Wisconsin (2020) h/b 258pp £100 (ISBN 9780299328009)

K. is Professor of Classics at the University of Washington and specialises in the sociology of Classical Greece—particularly gender issues and slavery. Her previous book published Status in Classical Athens (2013).

The book discusses the style and purpose of insults in Athenian society during the classical period. It was clearly an active issue in Athens because there seem to be almost as many Greek words for insult and invective as the Inuits have for types of snow. K. seeks to categorise insults into five broad groups, although she emphasises that in reality things were much more fluid. Each group is then analysed in its separate chapter.

The distinctions that K. makes are between:
Benign (primarily verbal) insults—skômmata, aischrologia
Insults used in comedy—kômôidein ­
Insults used in oratory—diabolê, loidoria
Malign verbal abuse—kakêgoria, aporrhêta
Criminal abuse—hubris

One of the structural difficulties is that, of its nature, casual verbal abuse does not survive—except occasionally in graffiti as in Pompeii. Thus while we can know that citizens stood on carts at various festivals, shouting insults at everybody passing by, we can only guess at what form the insults took (e.g. ‘baldy’ or or ‘fat arse’). We can on the other hand know the detail of the invective from the theatre or the public courts but only in their more formal and structured environments

K. argues that Athenian society welcomed benign abuse as healthy and contributing to the well-being of the polis but reacted badly to malign abuse and legislated against it. A person convicted of hubris might on occasion be sentenced to death. The point at which an insult passed from benign to malign was fluid and was determined more by the intent of the abuse than its accuracy. There is some evidence that the conventions of acceptability shifted over time, for example, that insults permitted in earlier comedies were deemed unacceptable for later plays.

Many insults are common to most societies—cowardice, criminality, sexual deviation—but K. suggests that two types on insult were particular to Athens—not being a proper citizen and (related to that) engagement in commerce or trade. A common trope was that Euripides’ mother had been a vegetable seller. It was part of the armoury of a litigant to introduce insults into his pleadings and teachers of rhetoric advised how to do this to the greatest effect. In both assembly and lawcourt speeches, there were probably conventions about the levels of vitriol with which the insults could be expressed. It is intriguing to note that, just as American prosecutors add racketeering charges to a lesser crime in order to flush out a plea bargain, Attic litigants threaten to turn a civil action for slander into the weightier charge of hubris. There was, however, a disadvantage to this change in that in a civil action any fine awarded went to the plaintiff, while in a criminal action for hubris any fine accrued to the state.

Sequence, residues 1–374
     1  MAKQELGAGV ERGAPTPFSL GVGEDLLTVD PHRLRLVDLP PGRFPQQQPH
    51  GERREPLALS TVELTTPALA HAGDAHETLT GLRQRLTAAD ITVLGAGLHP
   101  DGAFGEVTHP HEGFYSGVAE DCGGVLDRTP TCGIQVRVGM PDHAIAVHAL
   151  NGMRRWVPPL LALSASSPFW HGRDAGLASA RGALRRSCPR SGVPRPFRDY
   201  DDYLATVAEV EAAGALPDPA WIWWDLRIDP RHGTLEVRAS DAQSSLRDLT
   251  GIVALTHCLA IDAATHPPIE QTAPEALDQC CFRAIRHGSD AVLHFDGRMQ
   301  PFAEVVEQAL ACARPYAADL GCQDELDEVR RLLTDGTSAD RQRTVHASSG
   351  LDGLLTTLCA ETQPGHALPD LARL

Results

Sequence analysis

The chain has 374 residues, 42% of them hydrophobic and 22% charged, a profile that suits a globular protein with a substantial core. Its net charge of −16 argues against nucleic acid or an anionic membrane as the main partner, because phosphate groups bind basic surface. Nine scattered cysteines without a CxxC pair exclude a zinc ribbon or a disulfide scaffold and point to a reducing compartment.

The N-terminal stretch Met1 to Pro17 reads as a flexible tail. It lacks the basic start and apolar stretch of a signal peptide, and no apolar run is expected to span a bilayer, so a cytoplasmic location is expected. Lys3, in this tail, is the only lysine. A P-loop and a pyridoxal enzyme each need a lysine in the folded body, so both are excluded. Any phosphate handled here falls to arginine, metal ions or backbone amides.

Most actions for hubris involved more than verbal abuse. If you called a man a coward you risked being taken to court on a  charge of slander (depending largely on how much of a twinkle was in your eye), but if you called him a coward and beat him up at the same time, you were very likely to be cited for hubris.

This summary does not do justice to the depth of the research, especially into the court room speeches of the Attic litigants—witness nearly 100 pages of detailed notes and references, roughly two thirds of the length of the main text, which is clearly written and free from jargon. But for the general reader it is perhaps a little bloodless. The effect is rather as if someone had analysed the variety and structure of dirty jokes without ever actually telling any of them.

Roger Barnes